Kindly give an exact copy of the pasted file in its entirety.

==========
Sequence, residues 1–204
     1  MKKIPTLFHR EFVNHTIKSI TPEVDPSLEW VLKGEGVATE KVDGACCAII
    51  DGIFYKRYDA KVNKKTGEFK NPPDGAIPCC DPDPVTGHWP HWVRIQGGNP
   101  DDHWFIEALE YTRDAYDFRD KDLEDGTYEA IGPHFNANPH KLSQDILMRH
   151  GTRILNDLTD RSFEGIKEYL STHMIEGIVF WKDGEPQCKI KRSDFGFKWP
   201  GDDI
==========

Sequence, residues 1–204
     1  MKKIPTLFHR EFVNHTIKSI TPEVDPSLEW VLKGEGVATE KVDGACCAII
    51  DGIFYKRYDA KVNKKTGEFK NPPDGAIPCC DPDPVTGHWP HWVRIQGGNP
   101  DDHWFIEALE YTRDAYDFRD KDLEDGTYEA IGPHFNANPH KLSQDILMRH
   151  GTRILNDLTD RSFEGIKEYL STHMIEGIVF WKDGEPQCKI KRSDFGFKWP
   201  GDDI